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Trenching and excavation are often required at many construction sites in Pennsylvania.  Per OSHA, excavation is any man-made cut, cavity, trench, or depression in the earth’s surface formed by earth removal, and a trench is a narrow underground excavation that is deeper than it is wide, and is no wider than 15 feet (4.5 meters).

Trenches are necessary for installation of power lines, sewers and wires.  They are also necessary to gain access to existing underground structures.  Excavation and trenching often pose dangerous risks for workers, and it is imperative that employers take extra safety precautions to avoid trenching and excavation accidents.

Dangers of Trenching and Excavation

One of the most common accidents related to excavation and trenching is a trench collapse or cave-in.  A trench collapse occurs when walls supporting a trench lose stability and fall into the trench.  Other accidents related to excavation and trenching include falling loads, hazardous atmospheres, falls and accidents involving mobile equipment.

See client review of Paul Bucci, partner at the firm, from a construction worker who was injured in a Pennsylvania trench collapse accident.

OSHA Regulations Regarding Trenches

OSHA regulates trenching and excavation activities at construction and worksites to ensure safe working conditions.  For instance, trenches 5 feet deep or greater must include a protective system, unless the excavation is made entirely in stable rock.  The following are different types of protective systems:

  • Sloping -the trench wall is cut back at an angle inclined away from the excavation.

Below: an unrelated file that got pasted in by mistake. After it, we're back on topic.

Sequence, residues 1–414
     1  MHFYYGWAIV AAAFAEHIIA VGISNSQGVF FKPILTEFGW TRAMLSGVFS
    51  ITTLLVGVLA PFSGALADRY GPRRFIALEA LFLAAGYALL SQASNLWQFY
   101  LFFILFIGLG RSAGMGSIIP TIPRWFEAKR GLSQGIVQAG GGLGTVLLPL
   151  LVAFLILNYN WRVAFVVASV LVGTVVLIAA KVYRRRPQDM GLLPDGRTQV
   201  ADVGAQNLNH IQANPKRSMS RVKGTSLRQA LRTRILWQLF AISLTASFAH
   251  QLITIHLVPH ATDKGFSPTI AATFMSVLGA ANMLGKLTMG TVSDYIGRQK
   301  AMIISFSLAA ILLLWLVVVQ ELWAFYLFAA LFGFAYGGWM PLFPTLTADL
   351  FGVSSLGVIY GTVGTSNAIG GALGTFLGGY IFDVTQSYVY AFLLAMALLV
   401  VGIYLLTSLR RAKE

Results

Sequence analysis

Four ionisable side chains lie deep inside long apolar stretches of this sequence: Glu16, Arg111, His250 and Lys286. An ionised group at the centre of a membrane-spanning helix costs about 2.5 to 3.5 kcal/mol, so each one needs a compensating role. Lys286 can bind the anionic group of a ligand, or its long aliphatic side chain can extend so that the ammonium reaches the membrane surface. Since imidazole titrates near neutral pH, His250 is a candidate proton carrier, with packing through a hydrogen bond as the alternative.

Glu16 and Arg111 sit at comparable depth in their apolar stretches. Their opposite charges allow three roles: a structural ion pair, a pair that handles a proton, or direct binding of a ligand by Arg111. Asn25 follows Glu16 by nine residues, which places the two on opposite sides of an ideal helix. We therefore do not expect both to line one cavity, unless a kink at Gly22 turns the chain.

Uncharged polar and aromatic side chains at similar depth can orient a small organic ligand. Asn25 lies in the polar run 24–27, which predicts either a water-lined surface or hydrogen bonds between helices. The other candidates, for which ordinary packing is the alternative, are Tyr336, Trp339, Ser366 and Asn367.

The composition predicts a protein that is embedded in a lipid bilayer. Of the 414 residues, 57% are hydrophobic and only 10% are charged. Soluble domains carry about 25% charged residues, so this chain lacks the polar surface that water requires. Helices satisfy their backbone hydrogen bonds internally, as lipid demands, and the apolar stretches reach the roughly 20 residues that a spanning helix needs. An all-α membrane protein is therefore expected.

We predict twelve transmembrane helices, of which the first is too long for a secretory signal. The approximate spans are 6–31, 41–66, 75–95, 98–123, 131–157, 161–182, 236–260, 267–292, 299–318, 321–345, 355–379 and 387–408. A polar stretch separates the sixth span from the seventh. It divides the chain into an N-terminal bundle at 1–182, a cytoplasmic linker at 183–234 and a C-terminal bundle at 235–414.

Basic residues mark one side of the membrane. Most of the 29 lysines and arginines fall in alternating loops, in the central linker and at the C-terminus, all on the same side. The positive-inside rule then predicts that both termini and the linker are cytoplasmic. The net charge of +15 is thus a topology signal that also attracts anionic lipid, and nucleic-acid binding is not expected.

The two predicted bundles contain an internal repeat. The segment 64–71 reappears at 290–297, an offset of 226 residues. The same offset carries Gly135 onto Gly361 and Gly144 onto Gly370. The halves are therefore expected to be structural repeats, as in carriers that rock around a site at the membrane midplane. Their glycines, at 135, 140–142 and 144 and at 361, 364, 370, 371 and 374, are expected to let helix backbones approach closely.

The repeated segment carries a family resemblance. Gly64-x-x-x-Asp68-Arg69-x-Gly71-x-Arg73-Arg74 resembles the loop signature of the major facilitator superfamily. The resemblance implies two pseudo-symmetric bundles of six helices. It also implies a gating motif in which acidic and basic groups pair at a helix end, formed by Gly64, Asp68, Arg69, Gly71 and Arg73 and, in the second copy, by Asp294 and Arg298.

• Shoring – installation of aluminum hydraulic or other types of supports to prevent soil movement and cave-ins.
  • Shielding – trench boxes or other types of supports are used to protect the workers to prevent soil cave-ins.

In addition to the different protective systems, OSHA regulations also require that trenches are inspected daily by a competent person prior to work.  Because conditions change, the competent person must inspect the trenches to eliminate any potential hazards.  For instance, it may have rained the night before causing a trench to flood and become unstable.

Injuries from Trench Cave-Ins

When a trench caves in, construction workers in the trench often sustain serious, if not fatal injuries.  Workers in the trench may be trapped and do not have enough oxygen supply.  Workers may also be crushed by the walls during a cave-in and may die as a result.

Help After a PA Trench Collapse Accident

If you were injured in a trench cave-in accident at a construction site in Pennsylvania, including Philadelphia, it is best to talk to an experienced work accident lawyer.  Paul Bucci, Esq. and his partners at Laffey, Bucci & Kent are dedicated to helping injured workers in PA.  Our work accident lawyers offer a FREE consultation. (866) 641-0806

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